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Fishing Roundup for September 29, 2005


Thu Sep 29 00:00:00 MDT 2005

Madison River from the Cougar Creek bridge looking into Yellowstone National Park.

Madison River

This will be the last fishing report of the 2005 season, but that certainly doesn’t mean that the best of the fishing is over.  Some of the year's best action happens in the fall, as lower water temperatures, shorter days, and the onset of winter brings out an aggressive nature in the fish.  As more and more hunting seasons open, fewer and fewer anglers will be found on the water, so the next few months really are the time to experience solitude in the splendor of Montana’s lakes and streams.  Soon the ice will be here, ushering in a fishing season and style of its own, but until then, set aside a few hours to get outside with family, friends, and a fishing rod.  When the winter storms shake the windows of your house, you’ll look back and be glad you took that last fishing trip.

Some of the best bets for this week:

Bitterroot River – The bitterroot offers some good dry fly fishing in the fall, especially on cool, cloudy and calm days.

Blackfoot River – Fall is a great time to be on the Blackfoot dragging big streamers through the deep holes.  Sink tip lines are a big help.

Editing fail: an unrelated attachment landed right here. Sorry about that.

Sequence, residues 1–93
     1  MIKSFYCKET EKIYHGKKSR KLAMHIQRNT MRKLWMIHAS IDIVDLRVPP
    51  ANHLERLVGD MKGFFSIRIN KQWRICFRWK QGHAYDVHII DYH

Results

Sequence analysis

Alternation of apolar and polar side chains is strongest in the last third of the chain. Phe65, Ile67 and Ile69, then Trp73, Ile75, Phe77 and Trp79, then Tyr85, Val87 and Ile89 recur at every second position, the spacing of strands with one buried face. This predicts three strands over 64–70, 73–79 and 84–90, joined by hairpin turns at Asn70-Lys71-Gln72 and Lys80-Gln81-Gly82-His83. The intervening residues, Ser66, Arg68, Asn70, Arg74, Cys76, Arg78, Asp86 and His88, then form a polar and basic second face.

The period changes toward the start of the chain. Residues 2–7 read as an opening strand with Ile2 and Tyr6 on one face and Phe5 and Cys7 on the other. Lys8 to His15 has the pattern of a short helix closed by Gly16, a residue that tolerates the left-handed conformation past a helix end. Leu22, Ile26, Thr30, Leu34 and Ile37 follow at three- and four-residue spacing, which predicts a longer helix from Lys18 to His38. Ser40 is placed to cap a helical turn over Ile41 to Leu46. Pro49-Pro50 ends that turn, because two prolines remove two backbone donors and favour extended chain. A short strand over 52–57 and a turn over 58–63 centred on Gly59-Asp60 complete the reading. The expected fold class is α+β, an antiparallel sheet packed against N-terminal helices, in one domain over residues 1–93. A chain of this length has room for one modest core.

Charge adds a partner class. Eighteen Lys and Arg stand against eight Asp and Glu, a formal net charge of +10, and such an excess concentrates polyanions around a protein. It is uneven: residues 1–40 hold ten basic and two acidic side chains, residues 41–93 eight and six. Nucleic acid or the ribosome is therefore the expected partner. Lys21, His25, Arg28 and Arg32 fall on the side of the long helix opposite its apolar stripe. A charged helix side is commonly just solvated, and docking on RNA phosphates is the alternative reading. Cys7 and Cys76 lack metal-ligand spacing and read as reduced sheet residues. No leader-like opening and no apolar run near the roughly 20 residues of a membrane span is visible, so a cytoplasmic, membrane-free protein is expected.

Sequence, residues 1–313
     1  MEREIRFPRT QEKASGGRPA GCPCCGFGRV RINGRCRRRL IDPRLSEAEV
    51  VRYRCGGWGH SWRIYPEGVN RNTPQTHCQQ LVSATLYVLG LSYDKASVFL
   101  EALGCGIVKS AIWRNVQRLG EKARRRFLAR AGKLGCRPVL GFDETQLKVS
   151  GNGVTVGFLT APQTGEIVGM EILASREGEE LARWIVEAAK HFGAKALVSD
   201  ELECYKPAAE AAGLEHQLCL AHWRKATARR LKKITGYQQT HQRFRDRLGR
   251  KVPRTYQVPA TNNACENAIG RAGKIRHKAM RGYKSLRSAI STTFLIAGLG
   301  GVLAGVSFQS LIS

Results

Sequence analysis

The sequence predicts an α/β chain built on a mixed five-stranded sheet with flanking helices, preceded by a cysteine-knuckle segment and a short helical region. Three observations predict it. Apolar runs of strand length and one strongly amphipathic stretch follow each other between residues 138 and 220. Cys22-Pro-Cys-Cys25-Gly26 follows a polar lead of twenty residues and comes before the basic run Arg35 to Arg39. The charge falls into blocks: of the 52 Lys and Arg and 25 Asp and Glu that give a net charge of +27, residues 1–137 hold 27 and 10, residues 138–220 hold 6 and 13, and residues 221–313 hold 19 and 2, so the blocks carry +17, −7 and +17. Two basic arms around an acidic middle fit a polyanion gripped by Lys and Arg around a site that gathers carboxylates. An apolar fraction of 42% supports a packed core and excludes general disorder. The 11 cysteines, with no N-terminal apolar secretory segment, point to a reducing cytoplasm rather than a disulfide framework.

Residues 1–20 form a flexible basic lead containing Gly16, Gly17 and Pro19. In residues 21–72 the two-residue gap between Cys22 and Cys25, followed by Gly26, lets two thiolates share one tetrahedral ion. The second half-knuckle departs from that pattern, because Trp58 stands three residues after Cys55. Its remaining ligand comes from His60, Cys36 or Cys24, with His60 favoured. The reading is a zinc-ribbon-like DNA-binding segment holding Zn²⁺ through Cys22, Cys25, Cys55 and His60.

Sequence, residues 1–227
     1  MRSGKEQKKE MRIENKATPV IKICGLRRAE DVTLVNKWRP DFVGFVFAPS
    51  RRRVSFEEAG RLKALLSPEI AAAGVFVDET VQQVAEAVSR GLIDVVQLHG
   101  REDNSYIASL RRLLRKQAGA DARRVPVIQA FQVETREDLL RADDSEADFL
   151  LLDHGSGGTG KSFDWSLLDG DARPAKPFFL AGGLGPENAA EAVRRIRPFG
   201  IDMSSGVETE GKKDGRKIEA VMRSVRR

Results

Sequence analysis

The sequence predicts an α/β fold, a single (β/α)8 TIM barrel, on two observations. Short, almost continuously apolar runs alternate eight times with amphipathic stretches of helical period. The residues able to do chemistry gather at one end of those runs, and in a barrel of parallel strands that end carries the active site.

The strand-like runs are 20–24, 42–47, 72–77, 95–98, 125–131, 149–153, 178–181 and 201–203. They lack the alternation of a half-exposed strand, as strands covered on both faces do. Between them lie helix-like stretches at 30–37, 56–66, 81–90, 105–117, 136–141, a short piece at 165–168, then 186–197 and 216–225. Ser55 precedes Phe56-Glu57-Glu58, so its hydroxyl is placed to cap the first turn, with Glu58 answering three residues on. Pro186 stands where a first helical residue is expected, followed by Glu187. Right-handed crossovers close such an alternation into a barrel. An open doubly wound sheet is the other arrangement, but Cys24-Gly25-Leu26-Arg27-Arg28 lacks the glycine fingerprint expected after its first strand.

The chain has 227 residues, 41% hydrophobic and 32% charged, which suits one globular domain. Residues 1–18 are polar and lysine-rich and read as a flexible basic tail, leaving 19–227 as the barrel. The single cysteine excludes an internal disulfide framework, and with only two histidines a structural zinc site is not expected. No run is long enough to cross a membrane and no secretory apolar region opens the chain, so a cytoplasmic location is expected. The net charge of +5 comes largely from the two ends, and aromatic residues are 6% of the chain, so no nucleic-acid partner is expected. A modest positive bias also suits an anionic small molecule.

Canyon Ferry   – Some bigger rainbows have been showing up, and typically later in fall provides good fishing before ice-up.

Clark Fork River – When rain and clouds hit Missoula, grab a rod and head for the river.  This is a great spot for fall dry fly fishing.

Fort Peck Reservoir  – Bass, walleye and pike action all can turn on in the fall.  Don’t forget your binoculars to glass for elk and mule deer.

Kootenai River  – This river offers one of the best chances for truly big fish in Montana.  Dredge the bottom with flies and lures, and hang on.

Madison River  – The lower river is often the place to be in the fall, with a sink tip line and streamer, or a spinning rod with a minnow plug or spinner.

Missouri River   – The stretch below Holter Dam is home to some great hatches of blue-winged olive mayflies.  You and the trout should be watching for them on cloudy, drizzly days in the fall.

Stillwater River  – A good option for some fall nymph fishing action, and on the lower parts of the river the hopper fishing remains viable for a few more weeks.

Yellowstone River – The warm days will still provide some decent hopper and terrestrial fishing, but much of the best fishing now will happen with nymphs and streamers.

Yellowstone River (lower) – There is some great fishing in the fall for catfish, sturgeon, sauger, and other warm water species.

More Information

This is a brief synopsis of fishing conditions and reports from select waters across the state.   For more detailed information, contact a fly shop, bait store, or boat marina for the particular water.